Former President Bill ClintonBill ClintonAll five living former presidents to attend hurricane relief concert The Hill's 12:30 Report The Hill's 12:30 Report MORE railed against Senate Minority Leader Mitch McConnellAddison (Mitch) Mitchell McConnellGun proposal picks up GOP support Children’s health-care bill faces new obstacles Dems see Trump as potential ally on gun reform MORE (R-Ky.) on Sunday and framed the midterm elections as more broadly about defining “the terms in which we will relate to each other and relate to the rest of the world.”

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Speaking at Sen. Tom Harkin’s (D-Iowa) annual steak fry fundraiser, Clinton said, while much had improved in America, one problem still prevailed: “We don’t want to be around anyone that disagrees with us.”

"We’ve got to pull this country together to push this country forward,” he went on to declare.

Speaking directly after Hillary Clinton, the former president's contrast in style with his wife was stark. He spoke for a shorter time, extemporaneously, and spoke mostly of his time in office and the need for Democrats to vote this fall; she gave a more sweeping speech, from written notes, peppered with joking references to her potential presidential run.

In his speech, the former president decried Republicans for spending “all their time dissing the president and dumping on the Senate Majority Leader Harry Reid.”

“Half the time, they’re not even running against their opponents. They’re trying to get you to check your brain at the door, start foaming at the mouth,” he said. “The last thing they want you to do is think.”

And in comments reminiscent of those he’s made on the campaign trail for Kentucky Democratic Senate candidate Alison Lundergan Grimes, he went into a fierce attack of McConnell.

Clinton lambasted the Senate minority leader for comments he made during a private conference of conservative donors and strategists organized by the billionaire conservative donors Charles and David Koch that the “worst day” of his political career was when the McCain-Feingold bill was signed into law, which was meant to bring greater transparency to campaign financing.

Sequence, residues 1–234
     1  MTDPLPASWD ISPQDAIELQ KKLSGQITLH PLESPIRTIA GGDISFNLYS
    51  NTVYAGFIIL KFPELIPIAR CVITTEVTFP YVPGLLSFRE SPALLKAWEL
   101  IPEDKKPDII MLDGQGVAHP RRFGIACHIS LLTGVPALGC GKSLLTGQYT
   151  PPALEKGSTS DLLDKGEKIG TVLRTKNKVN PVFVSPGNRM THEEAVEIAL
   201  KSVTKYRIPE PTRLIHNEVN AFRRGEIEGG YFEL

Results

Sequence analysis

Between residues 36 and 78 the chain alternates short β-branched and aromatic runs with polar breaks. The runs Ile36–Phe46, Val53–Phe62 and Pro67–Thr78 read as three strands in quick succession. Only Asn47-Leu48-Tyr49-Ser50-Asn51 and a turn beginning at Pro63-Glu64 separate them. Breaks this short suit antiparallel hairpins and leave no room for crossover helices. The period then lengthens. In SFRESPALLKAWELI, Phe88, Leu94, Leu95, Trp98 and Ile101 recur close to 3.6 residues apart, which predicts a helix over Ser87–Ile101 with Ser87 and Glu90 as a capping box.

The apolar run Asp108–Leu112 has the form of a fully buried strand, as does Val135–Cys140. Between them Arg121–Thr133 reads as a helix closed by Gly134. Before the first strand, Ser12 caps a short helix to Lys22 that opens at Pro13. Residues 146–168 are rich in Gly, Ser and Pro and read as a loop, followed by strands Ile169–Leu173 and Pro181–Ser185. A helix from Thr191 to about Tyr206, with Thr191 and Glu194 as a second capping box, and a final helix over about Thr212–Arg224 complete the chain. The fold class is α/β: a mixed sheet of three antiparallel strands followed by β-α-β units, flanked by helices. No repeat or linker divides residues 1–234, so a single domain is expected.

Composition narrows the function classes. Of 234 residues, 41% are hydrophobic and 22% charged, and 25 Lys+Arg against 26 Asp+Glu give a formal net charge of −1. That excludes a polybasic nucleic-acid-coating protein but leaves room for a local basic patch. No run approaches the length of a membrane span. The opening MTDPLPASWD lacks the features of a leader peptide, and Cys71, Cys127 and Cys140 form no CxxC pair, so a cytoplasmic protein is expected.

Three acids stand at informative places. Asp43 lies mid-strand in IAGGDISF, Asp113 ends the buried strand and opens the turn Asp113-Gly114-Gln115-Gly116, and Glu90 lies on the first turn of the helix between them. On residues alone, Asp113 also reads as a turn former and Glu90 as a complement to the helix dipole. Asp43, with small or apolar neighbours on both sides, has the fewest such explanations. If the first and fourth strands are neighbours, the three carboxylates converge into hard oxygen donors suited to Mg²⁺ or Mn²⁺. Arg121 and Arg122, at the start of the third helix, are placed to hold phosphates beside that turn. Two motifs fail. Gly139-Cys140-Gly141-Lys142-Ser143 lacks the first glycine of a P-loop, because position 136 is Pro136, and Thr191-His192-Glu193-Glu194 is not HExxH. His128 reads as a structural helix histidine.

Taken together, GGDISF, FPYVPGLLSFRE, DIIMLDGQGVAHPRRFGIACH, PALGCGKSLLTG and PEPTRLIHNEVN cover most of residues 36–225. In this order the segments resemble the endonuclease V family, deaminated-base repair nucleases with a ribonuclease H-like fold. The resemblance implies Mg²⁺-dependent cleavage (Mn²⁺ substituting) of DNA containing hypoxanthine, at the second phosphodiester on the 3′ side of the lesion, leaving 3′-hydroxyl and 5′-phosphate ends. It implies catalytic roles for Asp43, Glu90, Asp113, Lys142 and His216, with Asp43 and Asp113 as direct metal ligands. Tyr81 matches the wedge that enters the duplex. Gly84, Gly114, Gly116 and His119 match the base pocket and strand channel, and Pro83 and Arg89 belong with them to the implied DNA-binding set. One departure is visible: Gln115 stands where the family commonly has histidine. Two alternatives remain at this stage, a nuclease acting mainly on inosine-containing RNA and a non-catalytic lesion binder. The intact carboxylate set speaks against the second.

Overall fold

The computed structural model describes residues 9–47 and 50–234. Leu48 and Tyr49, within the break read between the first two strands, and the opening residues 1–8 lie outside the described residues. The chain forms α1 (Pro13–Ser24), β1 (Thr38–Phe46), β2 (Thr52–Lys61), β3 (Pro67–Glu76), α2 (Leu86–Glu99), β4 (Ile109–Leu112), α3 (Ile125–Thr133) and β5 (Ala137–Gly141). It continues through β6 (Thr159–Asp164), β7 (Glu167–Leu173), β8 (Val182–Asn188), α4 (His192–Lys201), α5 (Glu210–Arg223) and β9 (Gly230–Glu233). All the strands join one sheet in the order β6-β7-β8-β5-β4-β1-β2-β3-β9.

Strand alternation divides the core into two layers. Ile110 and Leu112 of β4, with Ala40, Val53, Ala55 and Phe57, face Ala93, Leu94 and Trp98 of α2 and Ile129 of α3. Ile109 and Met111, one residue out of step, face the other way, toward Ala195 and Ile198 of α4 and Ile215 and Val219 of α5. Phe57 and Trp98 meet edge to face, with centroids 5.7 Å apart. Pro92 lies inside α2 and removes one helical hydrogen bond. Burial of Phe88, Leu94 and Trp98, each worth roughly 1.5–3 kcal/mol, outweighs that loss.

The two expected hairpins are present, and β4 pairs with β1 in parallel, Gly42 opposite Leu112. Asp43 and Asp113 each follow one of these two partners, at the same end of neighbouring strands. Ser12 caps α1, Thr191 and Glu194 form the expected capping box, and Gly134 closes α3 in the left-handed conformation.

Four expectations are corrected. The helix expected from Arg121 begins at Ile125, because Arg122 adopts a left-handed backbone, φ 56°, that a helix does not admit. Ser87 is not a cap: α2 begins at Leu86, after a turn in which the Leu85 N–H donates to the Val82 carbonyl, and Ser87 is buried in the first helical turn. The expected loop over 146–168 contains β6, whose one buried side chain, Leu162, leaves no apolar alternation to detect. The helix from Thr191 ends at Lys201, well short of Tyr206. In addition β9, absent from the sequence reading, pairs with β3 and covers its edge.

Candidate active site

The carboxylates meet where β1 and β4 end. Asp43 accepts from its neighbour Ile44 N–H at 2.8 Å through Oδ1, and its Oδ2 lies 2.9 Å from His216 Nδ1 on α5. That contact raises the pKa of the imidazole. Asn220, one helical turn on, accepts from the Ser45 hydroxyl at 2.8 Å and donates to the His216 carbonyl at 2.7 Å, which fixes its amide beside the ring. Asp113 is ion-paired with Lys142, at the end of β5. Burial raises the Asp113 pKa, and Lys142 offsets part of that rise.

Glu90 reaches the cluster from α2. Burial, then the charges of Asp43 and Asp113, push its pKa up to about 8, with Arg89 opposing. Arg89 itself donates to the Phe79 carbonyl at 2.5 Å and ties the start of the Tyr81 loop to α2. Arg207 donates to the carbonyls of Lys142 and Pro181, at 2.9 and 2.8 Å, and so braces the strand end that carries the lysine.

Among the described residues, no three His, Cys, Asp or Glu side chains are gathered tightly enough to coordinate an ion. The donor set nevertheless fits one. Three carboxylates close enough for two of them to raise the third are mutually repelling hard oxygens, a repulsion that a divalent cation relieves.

Clinton said that made him “profoundly sad.”

“If the worst thing that ever happened to me was an attempt to limit black bag campaign contributions? What about 9/11, what about the financial meltdown, what about the farm crisis in the 70s and what about the middle of the country’s manufacturing base hollowing out in the 80s, and what about in his native Kentucky 70 percent of the coal miners losing their jobs before the EPA ever said a word. … How could you possibly say that the worst thing that ever happened to you was not being able to black bag unlimited amounts of money?” Clinton asked.

He told the crowd that Democrats will “be in this for you when you need them,” and that, if elected, voters wouldn’t have to worry that Democratic candidates would make comments similar to McConnell’s decades down the line.

He concluded by urging the crowd to help elect Democrat Bruce BraleyBruce BraleyOPINION | Tax reform, not Trump-McConnell feuds, will make 2018 a win for GOP Ten years later, House Dems reunite and look forward Trump: Ernst wanted 'more seasoning' before entertaining VP offer MORE to the Senate to replace Harkin, who’s retiring this year, to pay tribute to the long-serving senator. And Clinton framed the midterms as a battle to define how Americans relate to each other.

“So remember, this is way more than what everybody said,” Clinton concluded.

“This is about, we are going to define the terms in which we will relate to each other and relate to the rest of the world … We are interdependent; we are in this together. Are we going to build a future together or play it winner take all? Is it going to be conflict or cooperation?”